lod
The length-of-day data (LOD) is from 1 January 1964 to 31 December 1999. LOD (or part of it) has previously been studied by many researchers. A common approach in previous studies was to use Fourier spectrum analysis to identify the spectrum peaks. With the consideration of possible quasiperiodic response to periodic forcing (e.g., the tidal effect caused by revolution of the Moon around the Earth), one designs band-pass filters to isolate various physically meaningful quasiperiodic components. However, the filtered results are usually sensitive to the structures of band-pass filters, and often, a posteriori calibration is needed to obtain ‘‘neat’’ results with ‘‘neatness’’ judged by the a priori knowledge a researcher has on the possible mechanisms involved in the change of LOD. An even more serious problem is that a filtered component for any earlier period may be changed if later data are added for the calculation of the spectrum of the data and the same filter is reapplied to obtain the component. Furthermore, most frequency domain filters are linear. If the waveforms are distorted by nonlinear processes, the bandpass filter could only pick up the fundamental mode and could leave out all the needed harmonics to reconstitute the full waveforms. These drawbacks raise concerns about the reliability of the filtered components and, consequently, the corresponding scientific interpretations.

The locality and adaptivity of HHT overcome the drawbacks described above. The a priori knowledge of the physical mechanisms behind LOD is no longer needed; the filtered components of their local periods smaller than data length would not be affected by adding data later on; and the need for multiple filters to isolate components of different timescales is no longer necessary.

Figure 1. Ensemble empirical mode decomposition of the length-of-day data (the red line in the top plot) from 1 January 1964 to 31 December 1999. In the decomposition, noise of standard deviation 0.2 is added for the ensemble calculation, and the ensemble number is 800. The direct output (D1–D13, not shown here) of the decomposition has been reprocessed with combination of its components and additional EMD calculation. C1 is D1; C2 is the first mode of the combination of D2 and D3 subjected to additional EMD; the difference (D2 + D3 - C2) is added to D4; and the sum is subject to an additional EMD to obtain C3. The left over in this decomposition is added to D5 and D6. This latter sum is decomposed using an additional EMD to obtain C4 and C5. The sum of D7, D8, and D9 is decomposed using an addition EMD to obtain C6, C7, and C8. D10–D13 are combined and displayed as the blue line in the top plot.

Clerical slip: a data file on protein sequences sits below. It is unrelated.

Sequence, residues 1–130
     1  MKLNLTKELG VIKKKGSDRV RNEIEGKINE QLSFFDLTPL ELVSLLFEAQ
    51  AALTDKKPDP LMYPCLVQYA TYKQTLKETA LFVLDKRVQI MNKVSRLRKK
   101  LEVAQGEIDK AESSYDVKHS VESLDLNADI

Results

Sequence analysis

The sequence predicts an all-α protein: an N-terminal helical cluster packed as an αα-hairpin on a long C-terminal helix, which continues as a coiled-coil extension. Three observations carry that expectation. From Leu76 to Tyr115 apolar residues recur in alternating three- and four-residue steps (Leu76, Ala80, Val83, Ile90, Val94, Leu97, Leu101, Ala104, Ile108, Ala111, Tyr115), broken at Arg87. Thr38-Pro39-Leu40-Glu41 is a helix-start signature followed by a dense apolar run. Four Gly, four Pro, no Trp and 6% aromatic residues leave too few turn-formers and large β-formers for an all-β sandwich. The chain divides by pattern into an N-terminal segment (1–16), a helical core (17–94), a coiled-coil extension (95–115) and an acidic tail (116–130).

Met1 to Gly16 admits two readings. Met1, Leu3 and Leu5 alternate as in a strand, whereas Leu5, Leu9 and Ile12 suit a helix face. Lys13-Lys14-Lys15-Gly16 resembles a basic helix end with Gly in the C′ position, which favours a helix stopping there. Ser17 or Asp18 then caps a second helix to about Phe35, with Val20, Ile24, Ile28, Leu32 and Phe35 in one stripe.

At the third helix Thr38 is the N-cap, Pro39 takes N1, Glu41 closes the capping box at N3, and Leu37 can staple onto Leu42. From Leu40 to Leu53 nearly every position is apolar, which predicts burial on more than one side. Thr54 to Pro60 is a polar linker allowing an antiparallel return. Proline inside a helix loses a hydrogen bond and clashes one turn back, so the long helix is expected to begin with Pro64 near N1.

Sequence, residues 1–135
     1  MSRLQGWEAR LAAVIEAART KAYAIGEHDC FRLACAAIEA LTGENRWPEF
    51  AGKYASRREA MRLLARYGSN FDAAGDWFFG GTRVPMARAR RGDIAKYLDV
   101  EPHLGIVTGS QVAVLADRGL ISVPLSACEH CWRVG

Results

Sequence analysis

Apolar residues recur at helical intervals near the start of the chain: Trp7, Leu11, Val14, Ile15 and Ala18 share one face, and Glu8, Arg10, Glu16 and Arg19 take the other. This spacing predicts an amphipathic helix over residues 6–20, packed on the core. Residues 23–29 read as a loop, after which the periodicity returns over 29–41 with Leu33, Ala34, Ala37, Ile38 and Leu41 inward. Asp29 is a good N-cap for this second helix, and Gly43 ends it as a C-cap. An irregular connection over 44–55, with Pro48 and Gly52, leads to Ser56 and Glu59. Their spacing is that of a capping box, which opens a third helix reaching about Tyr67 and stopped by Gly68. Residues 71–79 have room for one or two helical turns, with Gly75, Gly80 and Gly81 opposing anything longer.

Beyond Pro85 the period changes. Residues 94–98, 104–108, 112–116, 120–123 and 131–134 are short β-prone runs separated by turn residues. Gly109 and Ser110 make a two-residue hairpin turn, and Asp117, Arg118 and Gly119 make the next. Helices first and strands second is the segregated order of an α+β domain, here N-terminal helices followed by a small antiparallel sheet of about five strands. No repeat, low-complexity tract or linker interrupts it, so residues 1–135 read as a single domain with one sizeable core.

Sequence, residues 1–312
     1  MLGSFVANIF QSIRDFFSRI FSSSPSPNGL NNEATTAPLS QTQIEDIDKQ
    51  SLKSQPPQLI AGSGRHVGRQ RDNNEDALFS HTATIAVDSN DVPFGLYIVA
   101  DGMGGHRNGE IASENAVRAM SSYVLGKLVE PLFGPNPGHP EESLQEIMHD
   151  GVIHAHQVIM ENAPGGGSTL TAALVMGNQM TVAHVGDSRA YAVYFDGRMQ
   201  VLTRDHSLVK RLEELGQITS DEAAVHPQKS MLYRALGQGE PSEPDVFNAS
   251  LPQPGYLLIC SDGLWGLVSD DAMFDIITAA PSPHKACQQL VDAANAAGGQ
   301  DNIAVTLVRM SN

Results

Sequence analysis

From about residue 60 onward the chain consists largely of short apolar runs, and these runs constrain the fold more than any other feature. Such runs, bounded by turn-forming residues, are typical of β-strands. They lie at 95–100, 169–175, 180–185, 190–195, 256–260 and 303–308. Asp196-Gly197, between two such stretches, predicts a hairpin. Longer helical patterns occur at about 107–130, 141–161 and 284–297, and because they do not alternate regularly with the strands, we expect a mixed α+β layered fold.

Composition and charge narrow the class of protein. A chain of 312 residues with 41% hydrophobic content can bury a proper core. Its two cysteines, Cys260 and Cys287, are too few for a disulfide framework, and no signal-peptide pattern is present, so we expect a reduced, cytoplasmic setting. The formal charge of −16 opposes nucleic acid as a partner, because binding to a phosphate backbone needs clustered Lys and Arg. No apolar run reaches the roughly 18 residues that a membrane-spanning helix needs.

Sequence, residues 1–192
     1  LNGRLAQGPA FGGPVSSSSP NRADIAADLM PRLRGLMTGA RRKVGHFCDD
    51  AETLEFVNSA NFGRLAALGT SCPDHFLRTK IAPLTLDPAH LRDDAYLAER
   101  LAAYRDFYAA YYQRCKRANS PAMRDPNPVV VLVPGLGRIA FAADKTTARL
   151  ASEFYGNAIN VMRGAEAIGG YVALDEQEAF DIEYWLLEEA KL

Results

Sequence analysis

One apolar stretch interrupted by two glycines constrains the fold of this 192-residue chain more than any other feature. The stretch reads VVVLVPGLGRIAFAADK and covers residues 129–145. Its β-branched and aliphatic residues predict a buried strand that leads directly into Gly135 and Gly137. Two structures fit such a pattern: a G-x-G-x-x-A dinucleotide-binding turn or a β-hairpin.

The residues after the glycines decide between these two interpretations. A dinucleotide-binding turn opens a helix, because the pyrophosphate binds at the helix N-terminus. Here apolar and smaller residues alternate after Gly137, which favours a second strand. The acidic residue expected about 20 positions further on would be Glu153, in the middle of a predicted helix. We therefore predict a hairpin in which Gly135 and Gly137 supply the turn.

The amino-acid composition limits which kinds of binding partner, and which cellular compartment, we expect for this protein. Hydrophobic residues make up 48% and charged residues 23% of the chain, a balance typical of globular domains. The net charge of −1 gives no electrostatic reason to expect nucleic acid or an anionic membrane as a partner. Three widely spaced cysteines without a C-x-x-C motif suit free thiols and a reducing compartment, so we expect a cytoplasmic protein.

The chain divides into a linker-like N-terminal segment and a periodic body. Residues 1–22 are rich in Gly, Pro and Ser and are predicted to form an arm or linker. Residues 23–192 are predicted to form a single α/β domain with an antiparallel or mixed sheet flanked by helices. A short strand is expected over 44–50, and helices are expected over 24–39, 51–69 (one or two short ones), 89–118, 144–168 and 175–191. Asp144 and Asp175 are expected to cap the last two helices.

Figure 2. Enlargements of the first three components displayed in Figure 1 for the period from 1 January 1982 to 31 December 1983.



The LOD data and its EEMD decomposition are displayed in Figure 1 and in Figure 2, which is an enlargement of Figure 1 from January 1982 to December 1983 for the first three components. In this decomposition, some standard postprocessing schemes, such as combination of neighboring components and additional EMD decomposition of EEMD outputs are applied. In Figure 1, eight IMF-like components (C1 and C5) and IMFs (C2–4 and C6–8) are presented, as well as the low-frequency component displayed over the LOD data.

The first component, C1, has an averaged amplitude 1 order smaller than any other components. It has quasiregular spikes with an average period around 14 d superimposed on random high-frequency oscillations. These random high-frequency oscillations may be related to weather storms. The second component, C2, has an average period of about 14 d, which was linked to semimonthly tides. The amplitude of C2 has small semiannual modulation superimposed on a 19-year modulation. The 19-year modulation is believed to be related to the Metonic cycle. C3 has an average period of about 28 d, which was linked to monthly tides. Its amplitude appears to be relatively small in El Nin˜o years, as indicated by the red arrows in Figure 1. The fourth component, C4, is a component with periods between a month and one-half year, with a relatively smaller averaged amplitude that is only a fraction of those of other components excluding C1. C5 and C6 are semiannual and annual components, respectively. The causes of these cycles in length of day have been attributed to both the semiannual and annual cycles of the atmospheric circulation and to other factors, such as tidal strength change related to the revolution of the Earth around the Sun.

The next two components are the variations between interannual timescales. C7 is quasi-biannual, and C8 has an average period slightly longer than 4 years. In previous studies, it was documented that in El Nin˜o years, the length of day tended to be longer. Here we present a systematic phase locking of C8 to the El Nin˜o phenomenon, which is represented by the sign-flipped Southern Oscillation Index (with amplitude reduced to 1/10).
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